See also Blank Face Facial Beauty Facial Recognition

Copyright© 1998 - 2001 (David B. Givens/Center for Nonverbal Studies)

Detail of 1928 photo by Edward Steichen of Greta Garbo. Disliking her curly hairdo, Garbo hides it from view.



. . . the vast corrugated brow overhanging the proud eyes . . . . --Joseph Conrad (Lord Jim)

Facial expression. 1. To lift the arch of short hairs above the eye, as in uncertainty, disbelief, surprise, or exasperation. 2. To elevate the eyebrow by contracting the occipitofrontalis muscle.

Usage I: Raising the eyebrows adds intensity to a facial expression. Brow-raising can strengthen a dominant stare, exaggerate a submissive pout, or boost the energy of a smile. The involved muscle (occipitofrontalis) elevates the eyebrows to form prominent, horizontal furrows in the forehead, making almost any gesture look and feel stronger.

Usage II: In tandem with head-tilt-back, raising one or both eyebrows suggests a supercilious air of disdain, haughtiness, or pride. (N.B.: "Supercilious" comes from the Latin word for "eyebrow," supercilium.) We may unconsciously lift our eyebrows as we give orders, argue important speaking points, or make demands.

Anatomy. Our face evolved as a signboard to display emotions welling from the mammalian brain. Facial messages are controlled by the facial nerve (cranial VII). Its nucleus has both an upper and a lower component; the former lifts and depresses our eyebrows. When we feel happy, e.g., our limbic brain stimulates cranial VII, which innervates the forehead muscles to raise our brows.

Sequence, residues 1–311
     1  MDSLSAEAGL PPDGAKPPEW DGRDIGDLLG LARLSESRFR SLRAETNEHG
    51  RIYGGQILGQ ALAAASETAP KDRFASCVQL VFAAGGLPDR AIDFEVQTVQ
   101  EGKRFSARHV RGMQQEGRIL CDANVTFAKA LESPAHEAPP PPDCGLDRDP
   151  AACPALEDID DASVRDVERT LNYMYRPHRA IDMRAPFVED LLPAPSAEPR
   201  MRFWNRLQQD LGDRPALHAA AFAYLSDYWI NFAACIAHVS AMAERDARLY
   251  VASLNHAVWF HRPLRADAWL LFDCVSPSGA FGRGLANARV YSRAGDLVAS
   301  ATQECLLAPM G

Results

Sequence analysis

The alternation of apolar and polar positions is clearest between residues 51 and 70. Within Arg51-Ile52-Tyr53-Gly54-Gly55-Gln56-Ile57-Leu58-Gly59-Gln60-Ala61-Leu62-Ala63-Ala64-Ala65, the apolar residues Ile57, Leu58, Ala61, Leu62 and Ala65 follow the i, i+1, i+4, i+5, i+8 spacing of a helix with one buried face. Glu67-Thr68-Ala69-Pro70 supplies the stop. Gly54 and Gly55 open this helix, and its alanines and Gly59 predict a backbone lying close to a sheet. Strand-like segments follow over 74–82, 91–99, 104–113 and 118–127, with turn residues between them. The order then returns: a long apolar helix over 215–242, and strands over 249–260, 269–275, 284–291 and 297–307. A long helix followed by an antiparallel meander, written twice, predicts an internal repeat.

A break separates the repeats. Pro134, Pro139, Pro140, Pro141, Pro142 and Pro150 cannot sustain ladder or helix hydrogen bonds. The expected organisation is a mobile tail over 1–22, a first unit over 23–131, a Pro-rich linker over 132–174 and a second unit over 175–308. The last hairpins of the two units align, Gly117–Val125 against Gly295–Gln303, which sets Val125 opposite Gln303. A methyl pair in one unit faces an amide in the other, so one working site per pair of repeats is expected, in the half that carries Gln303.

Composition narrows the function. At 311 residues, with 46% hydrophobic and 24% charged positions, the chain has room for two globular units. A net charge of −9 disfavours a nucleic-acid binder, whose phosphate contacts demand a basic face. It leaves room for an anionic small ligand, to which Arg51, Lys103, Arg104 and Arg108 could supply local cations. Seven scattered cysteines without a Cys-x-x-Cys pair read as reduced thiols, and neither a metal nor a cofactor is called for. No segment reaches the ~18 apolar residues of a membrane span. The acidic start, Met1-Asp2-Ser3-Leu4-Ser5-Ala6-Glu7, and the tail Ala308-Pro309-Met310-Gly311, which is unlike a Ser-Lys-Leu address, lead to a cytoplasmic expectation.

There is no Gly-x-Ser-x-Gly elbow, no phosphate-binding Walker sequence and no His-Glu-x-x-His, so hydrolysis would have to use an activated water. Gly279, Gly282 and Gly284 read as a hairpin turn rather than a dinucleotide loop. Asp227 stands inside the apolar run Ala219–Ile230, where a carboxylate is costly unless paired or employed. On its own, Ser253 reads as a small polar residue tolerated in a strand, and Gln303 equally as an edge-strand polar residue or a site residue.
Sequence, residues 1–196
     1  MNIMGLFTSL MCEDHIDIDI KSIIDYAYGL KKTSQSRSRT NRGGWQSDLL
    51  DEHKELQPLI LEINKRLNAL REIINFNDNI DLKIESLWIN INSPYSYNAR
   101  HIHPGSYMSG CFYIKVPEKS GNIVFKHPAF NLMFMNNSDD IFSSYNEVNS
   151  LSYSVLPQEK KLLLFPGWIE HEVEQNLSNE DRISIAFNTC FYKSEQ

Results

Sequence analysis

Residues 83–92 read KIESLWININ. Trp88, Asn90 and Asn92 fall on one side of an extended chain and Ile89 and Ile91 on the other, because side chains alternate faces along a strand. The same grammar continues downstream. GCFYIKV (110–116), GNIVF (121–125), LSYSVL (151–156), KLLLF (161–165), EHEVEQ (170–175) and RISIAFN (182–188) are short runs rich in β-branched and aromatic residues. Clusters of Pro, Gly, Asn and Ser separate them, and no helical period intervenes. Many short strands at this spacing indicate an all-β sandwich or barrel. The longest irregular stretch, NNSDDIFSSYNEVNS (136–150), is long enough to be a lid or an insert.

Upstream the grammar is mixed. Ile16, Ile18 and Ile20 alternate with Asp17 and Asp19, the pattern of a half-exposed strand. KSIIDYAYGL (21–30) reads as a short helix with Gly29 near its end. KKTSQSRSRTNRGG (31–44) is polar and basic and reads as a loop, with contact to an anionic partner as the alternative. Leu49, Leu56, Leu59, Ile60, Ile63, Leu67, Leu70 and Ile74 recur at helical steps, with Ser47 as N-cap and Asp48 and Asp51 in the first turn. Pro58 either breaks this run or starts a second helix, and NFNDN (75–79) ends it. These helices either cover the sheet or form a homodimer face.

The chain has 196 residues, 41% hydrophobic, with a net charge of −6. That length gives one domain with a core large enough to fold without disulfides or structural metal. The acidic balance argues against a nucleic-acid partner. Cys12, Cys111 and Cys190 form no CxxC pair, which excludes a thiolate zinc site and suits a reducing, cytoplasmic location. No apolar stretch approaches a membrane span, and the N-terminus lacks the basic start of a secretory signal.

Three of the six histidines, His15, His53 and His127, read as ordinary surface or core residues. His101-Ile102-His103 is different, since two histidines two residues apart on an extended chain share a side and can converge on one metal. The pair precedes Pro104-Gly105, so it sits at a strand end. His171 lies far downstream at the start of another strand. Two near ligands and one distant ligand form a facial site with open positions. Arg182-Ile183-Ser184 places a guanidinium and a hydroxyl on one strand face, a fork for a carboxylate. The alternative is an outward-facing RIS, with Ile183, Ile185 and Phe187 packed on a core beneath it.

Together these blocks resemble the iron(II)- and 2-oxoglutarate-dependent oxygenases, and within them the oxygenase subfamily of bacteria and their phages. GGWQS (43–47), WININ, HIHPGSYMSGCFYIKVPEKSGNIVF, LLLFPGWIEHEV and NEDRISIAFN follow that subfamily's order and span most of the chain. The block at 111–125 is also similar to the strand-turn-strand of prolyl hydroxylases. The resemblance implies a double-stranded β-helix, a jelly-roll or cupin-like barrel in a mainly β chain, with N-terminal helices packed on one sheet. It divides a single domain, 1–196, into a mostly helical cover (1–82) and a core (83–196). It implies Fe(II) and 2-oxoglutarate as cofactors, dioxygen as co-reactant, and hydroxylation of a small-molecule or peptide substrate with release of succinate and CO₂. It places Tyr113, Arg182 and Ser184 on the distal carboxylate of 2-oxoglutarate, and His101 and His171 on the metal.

Media. 1. "[Phil] Donahue has a characteristic way of raising his eyebrows which draws attention to his eyes which are directed to the [TV] viewers" (Raffler-Engel 1984:12). 2. To convey authority and show strong emotion, televangelists raise their eyebrows and project their foreheads' horizontal lines onto the video screen for added dramatic effect.

RESEARCH REPORTS: 1. Eyebrow-raise is a threat sign in baboons, mandrills, and cebus monkeys (Andrew 1965; van Hooff 1967). 2. The eyebrow-flash of recognition is a worldwide friendly greeting (Eibl-Eibesfeldt 1989; Morris 1994). 3. One eyebrow raised (as in the eyebrow cock) is a widespread sign of scepticism (Morris 1994).

Neuro-notes. Brow-raising is mediated by the top part of cranial VII's motor nucleus, which contains cells to innervate the contraction of muscles in the upper part of our face. The top part receives bilateral input from both sides of the cerebral neocortex, rather than unilaterally (as in the bottom part of the nucleus, which controls the muscles of the lower half of our face).

0 0

Post a comment